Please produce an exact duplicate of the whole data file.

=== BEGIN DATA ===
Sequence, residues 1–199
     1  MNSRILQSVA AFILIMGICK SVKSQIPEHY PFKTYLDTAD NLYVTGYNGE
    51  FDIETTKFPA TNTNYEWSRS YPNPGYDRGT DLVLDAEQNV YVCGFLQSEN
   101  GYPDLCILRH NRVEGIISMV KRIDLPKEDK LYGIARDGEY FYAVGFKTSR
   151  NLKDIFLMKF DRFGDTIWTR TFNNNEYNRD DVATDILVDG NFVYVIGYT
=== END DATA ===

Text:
Sequence, residues 1–199
     1  MNSRILQSVA AFILIMGICK SVKSQIPEHY PFKTYLDTAD NLYVTGYNGE
    51  FDIETTKFPA TNTNYEWSRS YPNPGYDRGT DLVLDAEQNV YVCGFLQSEN
   101  GYPDLCILRH NRVEGIISMV KRIDLPKEDK LYGIARDGEY FYAVGFKTSR
   151  NLKDIFLMKF DRFGDTIWTR TFNNNEYNRD DVATDILVDG NFVYVIGYT